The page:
Gdansk

European Solidarity Centre (ECS)

  Plac Solidarności 1, Gdańsk ,   No District          (+48) 58 772 41 12     19 Jun 2019
This huge 5-storey facility just outside the entrance to the Gdańsk Shipyard was opened on August 30, 2014 - the 34th anniversary of the signing of the August Accords - winning several design and culture awards. Its existence and success provided the impetus for the associated BHP Hall, Gate No. 2, Plac Solidarności and the Monument to the Fallen Shipyard Workers of 1970 to receive the European Heritage Label, which identifies sites which ‘have played an important role in European history and culture, and relate to the idea of uniting, as well as democratic and humanistic values of timeless significance.’ As the new focal point of these sites, the stated aim of the European Solidarity Centre (Europejskie Centrum Solidarność, or ECS for short) is to 'become the world’s centre for the ideas of freedom, democracy and solidarity to be fostered.'

The ECS is free to enter and in addition to its primary function as a museum (not free), also includes the lovely ground-floor atrium filled with trees and greenery, several conference halls, library archives and reading rooms, a gift shop, cafe, restaurant, roof-top terrace with great views of the surrounding shipyards, and the amazing Play Department, which allows you to leave your children in a massive supervised playground that features ball pits, climbing nets and obstacle courses.

The permanent exhibition of the ECS occupies seven different halls over two storeys and a total floorspace of 3,000m2. Combining traditional display methods with some truly impressive state-of-the-art technology, the interactive displays offer a wealth of authentic documents and artefacts, 3D projections, photographs and film footage. The narrative it weaves is a long one, beginning with the story of Anna Walentynowicz, the widespread striking in August 1980 following over a decade of tension, and the birth of the Solidarity movement. Lech Wałęsa's emergance as Solidarity's unlikely leader is well-covered, as is the Polish-born Pope John Paul II's visit to his homeland, reigniting the momentum of the movement, whose knock-on effect would lead not only PL, but all the occupied countries of the Communist Bloc down a road to freedom. In the final two sections, the triumph of democratic elections in Poland leads to the emergence of many independent European nations, as they break away from the crumbling Soviet Union.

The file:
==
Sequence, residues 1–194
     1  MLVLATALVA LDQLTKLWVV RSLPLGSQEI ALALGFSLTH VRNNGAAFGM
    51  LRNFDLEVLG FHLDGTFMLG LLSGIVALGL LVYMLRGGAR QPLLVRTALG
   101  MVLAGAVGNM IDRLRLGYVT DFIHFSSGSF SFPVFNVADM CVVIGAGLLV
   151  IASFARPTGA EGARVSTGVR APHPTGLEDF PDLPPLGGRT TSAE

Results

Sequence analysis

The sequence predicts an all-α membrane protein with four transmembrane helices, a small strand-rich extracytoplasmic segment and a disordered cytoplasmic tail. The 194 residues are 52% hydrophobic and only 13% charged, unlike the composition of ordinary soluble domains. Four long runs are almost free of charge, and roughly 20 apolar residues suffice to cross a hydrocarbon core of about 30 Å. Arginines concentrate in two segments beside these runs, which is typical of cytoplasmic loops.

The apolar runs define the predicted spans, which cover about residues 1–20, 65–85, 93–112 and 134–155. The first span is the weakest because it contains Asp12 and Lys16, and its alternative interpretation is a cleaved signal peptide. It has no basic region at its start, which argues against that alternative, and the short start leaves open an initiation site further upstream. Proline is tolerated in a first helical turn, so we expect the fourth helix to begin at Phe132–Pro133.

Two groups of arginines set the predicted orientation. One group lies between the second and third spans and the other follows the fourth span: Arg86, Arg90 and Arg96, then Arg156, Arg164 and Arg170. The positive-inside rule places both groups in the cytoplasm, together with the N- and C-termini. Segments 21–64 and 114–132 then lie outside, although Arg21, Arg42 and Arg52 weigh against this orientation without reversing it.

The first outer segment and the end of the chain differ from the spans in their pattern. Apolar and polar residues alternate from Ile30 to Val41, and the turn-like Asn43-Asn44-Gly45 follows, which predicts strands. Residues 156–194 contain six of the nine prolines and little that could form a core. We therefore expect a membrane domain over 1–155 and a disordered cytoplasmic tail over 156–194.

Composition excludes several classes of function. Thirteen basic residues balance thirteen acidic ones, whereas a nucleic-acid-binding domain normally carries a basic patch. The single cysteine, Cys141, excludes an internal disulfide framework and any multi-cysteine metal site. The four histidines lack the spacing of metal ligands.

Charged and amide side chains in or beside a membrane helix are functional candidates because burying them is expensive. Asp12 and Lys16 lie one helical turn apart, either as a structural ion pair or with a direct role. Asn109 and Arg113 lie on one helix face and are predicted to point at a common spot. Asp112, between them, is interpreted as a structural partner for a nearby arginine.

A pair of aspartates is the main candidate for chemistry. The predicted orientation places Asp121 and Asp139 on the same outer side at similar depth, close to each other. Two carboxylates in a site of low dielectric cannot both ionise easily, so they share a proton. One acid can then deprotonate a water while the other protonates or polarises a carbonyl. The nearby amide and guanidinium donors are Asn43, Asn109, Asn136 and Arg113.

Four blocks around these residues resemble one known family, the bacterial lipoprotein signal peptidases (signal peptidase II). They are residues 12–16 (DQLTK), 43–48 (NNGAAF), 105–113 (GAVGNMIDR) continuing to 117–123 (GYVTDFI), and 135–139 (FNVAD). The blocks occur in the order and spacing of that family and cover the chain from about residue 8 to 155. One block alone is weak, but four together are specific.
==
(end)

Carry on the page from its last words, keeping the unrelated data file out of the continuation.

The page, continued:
With so much to take in (including the rooftop terrace), allow yourself 2 to 3 hours to view the exhibition comfortably. Excellent audio guides are available in Polish, English, French, German, Italian, Russian, Spanish, Swedish and the local Kashubian language. There are also audio descriptions for the visually impaired and sign language and loops for the hearing impaired; the entire space is designed to be accessible to all. One of the Tri-city's most important cultural centres, don't skip this one.

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Amenities

Child-friendly
Facilities for disabled

Website

Open

Open 10:00-19:00. Sat, Sun 10:00-20:00.
1 Oct 2019 - 30 Apr 2020 Open 10:00-17:00. Closed Tue, Sat, Sun 10:00-18:00.

Price/Additional Info

Admission to the permanent exhibition 20/15zł, family ticket 55zł. Play department 9zł per child per hour.

Events at this venue

Open 10:00-19:00. Sat, Sun 10:00-20:00.
Chris Niedenthal. Poland - China - Europe 1989
Saturday Jun 1 - Sunday Jun 30
Lech Team

Associated Venues

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11.10.2018


Could I know about that following conference Islamic world in international relations will be happening there on 21 _22 th November 2018 Could I know name and Email who is Project coordinator for that events
10.04.2018
Gum
Krakow
I spent the day here with my young son while my wife was involved in a conference. He's too young for the exhibit, but we had a blast in the 'Play Department' - a huge interactive play area for kids. You can actually leave a child there under the care of the supervisors while you check out the exhibit. Seriously, every museum should have one.
21.12.2014
Małgorzata Andrzejewska-Bancewicz
Gdansk
Exciting places esp. for young generation and foreign visitors to learn about the life behind the Iron Curtain in Poland and peaceful revolution.Please kindly reserve about 3 hours.Licensed English speaking tour guides available www.trip2gdansk.pl
30.09.2014
Izabella Daszkiewicz
Gdansk, Poland
In October 2014 still free entry. It is worth seeing this exhibition
15.11.2013
Alina

I think that is brilliant and very thoughtful. I want to visit Gdansk next year so a visit to the Solidarity Centre is a must. I Love it!
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